Why Silence can be Deadly for Someone With a Mental Illness

Silence is golden, or so they say. However, in some cases, silence can also be quite deadly.

Growing up under the rule of a strict Ghanaian father, I was taught that some things were better left unsaid. So, even as a young child, I knew how to keep quiet about them. Because of this, I ended up withdrawing within myself and began to be known as a quiet and reserved child.

As I got older, silence — though a familiar friend — was also a threatening force. This was especially so in my teenage years, when I started to experience many depressive episodes. While I did make efforts to seek help, they were to no avail.

One day, I opened up about my struggles to a group of girls whom I considered to be within my close-knit circle of friends in high school. Unfortunately, once I did, I became exposed to their scrutiny and condemnation, which only led me deeper into my cocoon of isolation.

The long stretch of silence that followed as a result of my friends’ subsequent absence slowly began to kill me. When my cries appeared to go unanswered, I began to lose my grip on myself. My faith no longer possessed any meaning for me. The more the gulf of silence widened, the more my emotional health started to decline. Not feeling as if there was anyone I could really turn to, I started to entertain thoughts of taking my own life.

For those who battle a mental illness on a daily basis, silence often hinders, rather than aids, them along the path to recovery. Due to the stigma often associated with depression and other mental illnesses, many suffer in silence. According to Teen Help, which provides information to teens and parents on adolescent issues, less than 33 per cent of teens get help. Yet, 80 per cent could be successfully treated.

What is often needed in such cases is a support network to affirm them and provide a non-judgmental forum where they can be free to openly communicate their deepest fears and concerns.

Unfortunately, because of the fact that such a space is hardly ever encouraged (even in church circles), many times a lot of those dealing with depression find it uncomfortable to tell people what is truly in their hearts. In other cases, they are prevented from doing so because those within their circles are not equipped to provide the counsel and support they need.

Because of the nature of mental illness, many people don’t know what to say and so end up saying either even more hurtful things or nothing at all. At times, their body language may reveal their discomfort and lack of empathy. What they fail to realize is that by responding in this way, people speak a message that is hurtful. Subtly and indirectly, they are actually saying they don’t care enough to reach past barriers that may be in the way.

The danger of silence can also reveal itself in the way we treat those who have a mental illness. For instance, we may exclude them from church fellowships and activities or lessen the amount of time we socialize with them. These are all forms of silent treatment.

The fact is, no matter how discouraging an exchange with individuals battling a mental illness may be, I do not suggest losing touch with or further distancing yourself from them (although its important to keep in mind your own state of being upon your interactions: You are no good to anyone if you are not first good to yourself). Instead, I would recommend you persist in efforts to reach them. In doing so, you may end up saving a life.

When you feel tempted to engage in isolating behaviors, just think … what would Jesus do? We have to make more of an effort to reach others where they are (mental illness or not) and remind them that there is a God who loves and cares for them. Today is the day we need to start tearing down the walls of silence in our homes and communities.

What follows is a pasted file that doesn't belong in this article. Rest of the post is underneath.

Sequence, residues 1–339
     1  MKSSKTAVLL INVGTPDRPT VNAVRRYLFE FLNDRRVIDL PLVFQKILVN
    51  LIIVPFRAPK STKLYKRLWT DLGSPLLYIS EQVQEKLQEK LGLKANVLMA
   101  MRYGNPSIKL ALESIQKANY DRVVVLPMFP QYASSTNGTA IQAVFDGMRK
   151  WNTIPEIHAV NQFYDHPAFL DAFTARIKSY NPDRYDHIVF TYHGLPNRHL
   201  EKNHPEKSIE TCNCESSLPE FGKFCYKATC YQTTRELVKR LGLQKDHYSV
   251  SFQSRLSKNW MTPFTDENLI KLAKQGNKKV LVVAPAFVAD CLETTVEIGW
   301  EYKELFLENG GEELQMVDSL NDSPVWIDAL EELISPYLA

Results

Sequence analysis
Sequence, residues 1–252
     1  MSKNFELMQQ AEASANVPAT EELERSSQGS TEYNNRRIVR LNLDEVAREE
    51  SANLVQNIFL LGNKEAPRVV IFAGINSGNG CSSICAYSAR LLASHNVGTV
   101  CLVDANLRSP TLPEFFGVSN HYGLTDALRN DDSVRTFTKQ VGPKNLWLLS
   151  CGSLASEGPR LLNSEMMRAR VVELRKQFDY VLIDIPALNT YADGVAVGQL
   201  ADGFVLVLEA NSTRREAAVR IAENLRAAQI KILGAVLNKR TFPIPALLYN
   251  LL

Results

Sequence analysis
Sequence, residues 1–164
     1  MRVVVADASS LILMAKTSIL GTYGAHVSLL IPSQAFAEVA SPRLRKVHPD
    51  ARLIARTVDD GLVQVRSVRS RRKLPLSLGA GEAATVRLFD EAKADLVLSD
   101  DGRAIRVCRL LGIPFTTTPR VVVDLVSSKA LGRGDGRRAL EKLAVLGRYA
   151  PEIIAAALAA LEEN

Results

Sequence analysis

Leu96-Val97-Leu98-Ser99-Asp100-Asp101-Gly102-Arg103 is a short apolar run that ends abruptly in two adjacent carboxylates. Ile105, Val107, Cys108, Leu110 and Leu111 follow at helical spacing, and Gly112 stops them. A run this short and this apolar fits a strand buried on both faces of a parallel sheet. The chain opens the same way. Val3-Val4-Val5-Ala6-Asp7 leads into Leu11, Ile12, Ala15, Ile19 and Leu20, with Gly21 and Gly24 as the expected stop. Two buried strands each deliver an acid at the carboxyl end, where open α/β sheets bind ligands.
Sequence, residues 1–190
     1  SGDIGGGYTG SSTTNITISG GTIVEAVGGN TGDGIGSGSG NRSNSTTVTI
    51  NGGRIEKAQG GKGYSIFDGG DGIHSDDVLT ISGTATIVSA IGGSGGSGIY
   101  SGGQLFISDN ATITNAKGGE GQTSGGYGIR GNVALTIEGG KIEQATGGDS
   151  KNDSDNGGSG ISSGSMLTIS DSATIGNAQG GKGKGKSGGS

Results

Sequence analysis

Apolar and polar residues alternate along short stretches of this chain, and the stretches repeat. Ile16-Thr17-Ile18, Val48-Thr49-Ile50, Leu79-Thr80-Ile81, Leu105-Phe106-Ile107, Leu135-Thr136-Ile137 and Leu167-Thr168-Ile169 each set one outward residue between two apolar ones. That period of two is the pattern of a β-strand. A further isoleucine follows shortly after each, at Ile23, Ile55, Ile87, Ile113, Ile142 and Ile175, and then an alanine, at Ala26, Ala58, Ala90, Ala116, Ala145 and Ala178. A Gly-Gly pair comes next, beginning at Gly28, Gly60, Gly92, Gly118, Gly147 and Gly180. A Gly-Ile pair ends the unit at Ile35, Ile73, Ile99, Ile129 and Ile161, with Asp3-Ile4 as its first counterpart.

We’re working on getting some mental health resources for you. Once we do, they will be available in our store. Please check back frequently to find out about our newest products. 

If you or someone you know needs immediate help, please call the National Suicide Prevention Lifeline at 1-800-273-8255 or text “START” to 741-741.

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Photos Copyright: loganban / 123RF Stock Photo

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Alexandra Yeboah
Alexandra Yeboah

Alexandra Yeboah is the founder and lead storyteller of Speak The Words Communications. She is seeking daily to be transformed by God’s grace.

2 Comments
  1. I ask this question, why silence can be bad for mental health. In churches I find that it is kept underwrap at least I’m finding that in feeling isolated. People stay away from me and it’s so lonely and sad. I want to open up but don’t know how. I did before and got betrayed hense the lonely state. I could cry but the meds stop that. Also I feel my Christianity is spiralling down to nothing fear and no hope is knocking at my door I need saving from this mire but rescue is far off.

    1. Hello Beverley,
      Thank you for being so transparent about this issue. Unfortunately, feelings of isolation seems to be a common experience
      for many who live with a mental illness. I’m sorry this has happened to you behind church doors.
      Yet, I hope that this despite all of the hurts you may have endured, you will continue to cling to your faith. One thing I know is that the Lord loves you so dearly; sometimes we as His people fail to reflect this. Anyway, its not an easy fight for you, but true strength lies within you: “Greater is He that is in you than he that is in the world” (1 John 4:4). Because of this truth, I know that you can keep moving forward in victory. What do you say? If you ever need to talk, feel free to shoot us a message 🙂 You’ll especially be in our prayers at this time. You can do it, Beverley!

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